Well I'm probably going to sound like a complete moron but I've tried to figure stuff out on my own and I just have to ask. A little background,I'm not a novice, but my decorating experience isn't much, I've done a dinosaur, a firetruck and some cool cupcakes, all from shaped pans and using tub frosting (the horror!) But I've gotten pretty decent at using pastry bags and tips. Of course that's why I'm trying something I have no experience with this year
Ok so I want to do a pirate ship for my sons birthday, I've gotten wonderful design ideas from the gallery and a few tips, but I need the nitty gritty details. It will be 2 9x13 cakes, the first as the base of the ship cut to shape and the second cake cut and used to make the different levels, then I want to surround the whole thing with blue frosted cupcakes with shark fins to represent the ocean. (the party is at the end of May)
What kind of cake should I use, is box mix ok?
How do you level a 9x13?
Is there a specific brand of pan I should invest in, I only have the kind you can snap a plastic lid on (like my grandma always had ?
What king of frosting is best for this kind of cake? I've never made homemade and I am scared, is there a mix I can get?
What do I use for the detail work (outlines, windows) ?
Are there any other tips for making a 3d cake I should know?
Thanks so much to anyone who can help me, I know I'm planning early, but I want to avoid a costly disaster and I will be unable to do any practice/test cakes due to being away. T/Y Andrea
Welcome to CC--
When doing sculpted cakes, the firmer or denser the cake, the better it holds together. I use a box mix with the cake extender recipe from this site.
I level my cakes before I remove them from the pan--I overfill so it will rise to the edge of the pan.
I would invest in Magic Line or Fat Daddios cake pans--the sides do not flare out--nice straight sides--Magic Line pans have really sharp corners.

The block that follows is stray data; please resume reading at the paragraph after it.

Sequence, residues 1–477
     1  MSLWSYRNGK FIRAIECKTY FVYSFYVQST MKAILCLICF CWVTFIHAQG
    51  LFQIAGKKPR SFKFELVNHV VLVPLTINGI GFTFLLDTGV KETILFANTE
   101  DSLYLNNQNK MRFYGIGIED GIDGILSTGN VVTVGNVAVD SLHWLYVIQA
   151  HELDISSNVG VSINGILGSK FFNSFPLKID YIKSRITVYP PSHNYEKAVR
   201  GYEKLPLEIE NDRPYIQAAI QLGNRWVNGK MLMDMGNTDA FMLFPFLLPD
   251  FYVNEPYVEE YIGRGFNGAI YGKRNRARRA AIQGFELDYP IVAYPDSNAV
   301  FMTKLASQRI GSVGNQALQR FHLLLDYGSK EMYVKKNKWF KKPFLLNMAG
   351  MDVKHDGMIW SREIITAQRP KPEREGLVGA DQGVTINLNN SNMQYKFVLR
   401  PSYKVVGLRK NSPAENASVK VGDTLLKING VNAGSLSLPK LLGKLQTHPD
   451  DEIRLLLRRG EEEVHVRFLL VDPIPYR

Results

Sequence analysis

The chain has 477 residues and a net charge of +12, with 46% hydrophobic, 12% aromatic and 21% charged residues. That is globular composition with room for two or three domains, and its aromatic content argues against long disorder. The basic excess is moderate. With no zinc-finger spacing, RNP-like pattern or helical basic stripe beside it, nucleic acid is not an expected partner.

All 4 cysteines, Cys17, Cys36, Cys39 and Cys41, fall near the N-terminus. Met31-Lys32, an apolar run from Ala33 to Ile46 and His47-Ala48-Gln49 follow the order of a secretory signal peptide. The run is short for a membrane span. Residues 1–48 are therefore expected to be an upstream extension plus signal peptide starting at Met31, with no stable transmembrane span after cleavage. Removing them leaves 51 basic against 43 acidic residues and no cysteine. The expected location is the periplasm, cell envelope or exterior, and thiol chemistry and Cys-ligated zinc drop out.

Search in the recipe section for buttercream frosting recipes--I use an all shortening one due to hot weather here in the summer time and it is more heat tolerant that real buttercream.
I use a tip #2 or #3 for detail lines--just depends on the lines you need to make.
Start with carving just a little of the cake at a time...can't put it back on if you cut too much off.
Feel free to contact anyone here at CC, post in the forums--someone is ALWAYS willing to help--Pam
A crusting buttercream is definitely the best icing to use. If you're really scared to make it, Wilton does have a mix that you can get at Wal-mart, Hobby Lobby or Michaels. As with most of Wilton's food items, the taste is lacking, but it'll do in a pinch. However, making bc is very easy if you follow the recipe and only takes a few minutes, so maybe you can make a practice batch whenever you have a few minutes to spare. My bc is half crisco, half butter and I use the Wilton recipe (it's on their website). I also recommend using tips #2 or #3 for detail work. As for pans, I use Wilton pans right now, but I'm still relatively new to this and until I'm a little better I can't justify investing in expensive pans. Since you're going to be carving this cake anyway, I don't think the pan matters right now. Just remember to use parchment paper and grease it really well to prevent sticking.
Edit: a good cake recipe I use can be found on the side of the Duncan Hines butter cake box - it's called a Sock-It-To-Me cake...or the WASC cake is yummy. I've used both for carved cakes.
this is exactly the kind of info I was loking for! Overfilling the pan so I can level, genius, why couldn't I think of that. Also the info on buttercream and the cake extender, thank you from the bottom of my big kitchenaid bowl I was worried about buttercream, I've eaten it plenty of times in my life, but for some reason when I saw that the recipes called for shortening it just kind of grossed me out, no worries though I will for sure make that now. Anyhow just wanted to let you know how much I appreciate your responses, I'm currently deployed and trying to plan my sons super pirate party from afar, thanks again!!
Thank you for all that you do.